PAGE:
An 'Uxbridge' too far for Tactical Voting


An 'Uxbridge' too far for Tactical Voting

Jul 21, 2023

Cal Roscow

Good morning, and if you are just waking up to the results of last night’s three by-elections, we can bring you happy news that Labour have won in Selby & Ainsty, and the Lib Dems have taken Somerton & Frome. After what felt like an exceptionally long campaign, Labour and the Lib Dems have overturned huge majorities, and made sizeable ones of their own; 4,161 and 11,008 respectively.

The miniscule size of the Labour result in Somerton & Frome (2.6% down ten percentage points on last the election), corresponding with a tiny proportion of Lib Dem votes in Selby & Ainsty (3.3%, down five percentage points) shows that tactical voting may well have played its part. A huge well done to voters in both constituencies for recognising what needs to be done, and to both political parties for targeting resources where they had a chance of winning.

But, the picture is far less rosy in Uxbridge & South Ruislip, where the Conservatives held the seat by 495 votes. The Lib Dem and Green vote combined was 1,416.

This was not the night that the parties, or indeed commentators, expected. Uxbridge & South Ruislip was expected to be taken by Danny Beales, a Labour councillor with a local connection. If any seat was going to be held by the Tories it was supposed to be Selby & Ainsty. And this just goes to show that nothing can be taken for granted in elections under the First Past The Post system.

The complacency that has crept in over the last few months, caused by repeated Westminster polls showing large Labour leads, could cost progressives the next general election - and win Sunak a second term.

Last night was a warning. 

A warning that tactical voting can only hope to achieve so much - it’s not a silver bullet. In a by-election it is far easier to focus resources. At a general election, with over two hundred times the number of seats to contend, the only guarantee of beating this government is a non-aggression agreement or deliberate stand-downs so that only one challenger runs. Nothing else will do.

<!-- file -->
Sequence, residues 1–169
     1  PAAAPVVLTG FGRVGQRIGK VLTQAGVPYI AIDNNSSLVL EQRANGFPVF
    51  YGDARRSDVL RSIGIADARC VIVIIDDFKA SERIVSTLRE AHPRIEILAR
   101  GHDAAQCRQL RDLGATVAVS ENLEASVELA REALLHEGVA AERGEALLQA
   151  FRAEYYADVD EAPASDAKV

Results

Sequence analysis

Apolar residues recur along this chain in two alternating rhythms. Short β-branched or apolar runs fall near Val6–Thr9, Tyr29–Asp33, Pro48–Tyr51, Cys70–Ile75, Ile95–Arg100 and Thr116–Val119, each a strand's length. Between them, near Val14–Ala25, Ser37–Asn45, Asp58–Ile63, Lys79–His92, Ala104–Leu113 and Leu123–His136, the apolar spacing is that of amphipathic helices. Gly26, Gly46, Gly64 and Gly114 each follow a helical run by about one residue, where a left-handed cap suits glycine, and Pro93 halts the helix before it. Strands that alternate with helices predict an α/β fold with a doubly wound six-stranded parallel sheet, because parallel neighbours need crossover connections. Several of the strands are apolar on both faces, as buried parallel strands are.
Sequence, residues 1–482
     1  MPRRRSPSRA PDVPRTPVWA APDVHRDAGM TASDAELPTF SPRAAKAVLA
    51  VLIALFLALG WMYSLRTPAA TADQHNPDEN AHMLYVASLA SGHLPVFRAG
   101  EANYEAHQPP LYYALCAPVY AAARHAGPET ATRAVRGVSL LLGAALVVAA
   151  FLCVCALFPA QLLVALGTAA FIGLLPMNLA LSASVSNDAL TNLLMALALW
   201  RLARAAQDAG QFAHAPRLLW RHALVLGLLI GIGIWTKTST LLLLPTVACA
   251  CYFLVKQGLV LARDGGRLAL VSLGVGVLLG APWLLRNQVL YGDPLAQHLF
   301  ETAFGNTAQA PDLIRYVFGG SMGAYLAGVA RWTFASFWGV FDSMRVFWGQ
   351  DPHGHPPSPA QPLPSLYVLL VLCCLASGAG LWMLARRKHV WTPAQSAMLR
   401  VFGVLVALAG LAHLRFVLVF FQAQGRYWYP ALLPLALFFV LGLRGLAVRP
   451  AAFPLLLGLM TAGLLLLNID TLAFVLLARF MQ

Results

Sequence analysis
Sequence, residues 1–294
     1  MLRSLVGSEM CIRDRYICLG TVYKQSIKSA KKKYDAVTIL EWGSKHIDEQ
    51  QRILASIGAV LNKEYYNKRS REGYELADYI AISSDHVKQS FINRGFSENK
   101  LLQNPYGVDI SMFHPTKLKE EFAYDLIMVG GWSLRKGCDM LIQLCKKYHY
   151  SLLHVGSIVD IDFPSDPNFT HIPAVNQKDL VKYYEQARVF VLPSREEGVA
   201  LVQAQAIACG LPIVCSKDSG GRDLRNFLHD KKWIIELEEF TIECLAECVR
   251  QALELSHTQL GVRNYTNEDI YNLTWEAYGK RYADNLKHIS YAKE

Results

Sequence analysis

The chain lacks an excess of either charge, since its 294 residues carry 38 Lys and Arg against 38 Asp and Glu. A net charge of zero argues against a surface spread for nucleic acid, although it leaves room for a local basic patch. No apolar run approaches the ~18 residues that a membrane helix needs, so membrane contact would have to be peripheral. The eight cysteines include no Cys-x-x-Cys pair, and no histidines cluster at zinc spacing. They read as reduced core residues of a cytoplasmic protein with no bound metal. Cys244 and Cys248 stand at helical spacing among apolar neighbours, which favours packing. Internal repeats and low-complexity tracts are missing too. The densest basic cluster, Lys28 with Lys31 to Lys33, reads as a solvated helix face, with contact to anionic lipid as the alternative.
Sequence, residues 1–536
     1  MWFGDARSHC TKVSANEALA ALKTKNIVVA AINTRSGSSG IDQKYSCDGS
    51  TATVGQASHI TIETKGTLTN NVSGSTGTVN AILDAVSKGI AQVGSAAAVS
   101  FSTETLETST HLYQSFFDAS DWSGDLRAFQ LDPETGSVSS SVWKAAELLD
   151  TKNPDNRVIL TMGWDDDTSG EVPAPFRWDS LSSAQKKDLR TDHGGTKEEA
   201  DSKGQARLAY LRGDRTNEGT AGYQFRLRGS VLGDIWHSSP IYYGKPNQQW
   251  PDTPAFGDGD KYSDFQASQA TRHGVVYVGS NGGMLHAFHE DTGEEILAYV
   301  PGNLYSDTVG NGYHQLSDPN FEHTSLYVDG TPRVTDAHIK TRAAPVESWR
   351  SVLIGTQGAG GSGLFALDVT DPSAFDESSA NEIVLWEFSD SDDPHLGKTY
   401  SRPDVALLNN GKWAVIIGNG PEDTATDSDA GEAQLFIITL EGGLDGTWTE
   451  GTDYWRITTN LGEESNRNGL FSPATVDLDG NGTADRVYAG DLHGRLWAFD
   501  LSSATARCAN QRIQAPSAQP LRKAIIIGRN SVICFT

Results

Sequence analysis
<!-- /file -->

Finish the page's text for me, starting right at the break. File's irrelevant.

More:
Let us make sure that this is the last warning. It certainly hasn’t been the first.

Nigel Farage and the political party he owns, Reform UK (he’s listed as a company director on Companies House), are no strangers to standing down their candidates where the Conservatives are at risk. They did it in 2019 and yesterday there was no Reform UK candidate in Uxbridge and South Ruislip.

Whether Farage’s Reform UK stood down to help the Tories this time, or to help actor-turned-anti-vaxxer Lawrence Fox’s Reclaim Party, the outcome was the same -  in a close election, the right-leaning vote was less split than the progressive vote.

But, the combined votes cast for Labour, the Lib Dems and the Green candidates still outmatch the combined votes for the Conservatives and Reclaim by 210 votes.

Take Reclaim out of that equation and the combined opposition parties beat the Conservatives by 924.

Comparing the results for key national parties at the Uxbridge and South Ruislip by-election held on 20th July 2023.

Added to that, it is now clearer than ever that the Conservative will say whatever they need to to win.

The Uxbridge & South Ruislip contest became a proxy referendum on the expansion of the Ultra Low Emission Zone (ULEZ). Positioned by the Tory HQ as a Labour mayor waging war upon less-well-off motorists in a cost-of-living crisis, despite its introduction by Boris Johnson as mayor, and expansion mandated by Grant Shapps as Transport Minister in 2020.

Source: Dept for Transport

This government will blame others for their failures. Or worse, their successes if they become electorally unpopular.

This morning Angela Rayner, referring to the result and the debate on ULEZ, said that “When you don’t listen to voters, you don’t win elections”.

For quite some time now voters have been saying that they feel their vote doesn’t count, and that the electoral system needs reform.

Source: YouGov

And in rather fortuitous timing, Labour's national policy forum meets this weekend to discuss policy ideas for their next manifesto. Last night’s result may well reignite the Proportional Representation debate inside the party. So will the party be listening to voters and put electoral reform high up on the agenda?

Let's hope so.

Best for Britain is a campaigning organisation calling for reform to our voting system, for like-minded parties to work together at elections, and runs tactical voting campaigns where parties fail to reach agreement. It is completely funded by donations and grants. You can read more about Best for Britain’s work and who they are.